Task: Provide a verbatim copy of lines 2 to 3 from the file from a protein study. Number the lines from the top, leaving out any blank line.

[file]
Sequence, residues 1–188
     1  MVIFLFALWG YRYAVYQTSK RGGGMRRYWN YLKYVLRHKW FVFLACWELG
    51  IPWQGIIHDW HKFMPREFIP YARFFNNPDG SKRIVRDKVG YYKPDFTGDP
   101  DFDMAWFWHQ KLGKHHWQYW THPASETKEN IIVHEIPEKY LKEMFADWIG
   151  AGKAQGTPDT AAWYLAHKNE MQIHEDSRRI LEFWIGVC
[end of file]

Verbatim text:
     1  MVIFLFALWG YRYAVYQTSK RGGGMRRYWN YLKYVLRHKW FVFLACWELG
    51  IPWQGIIHDW HKFMPREFIP YARFFNNPDG SKRIVRDKVG YYKPDFTGDP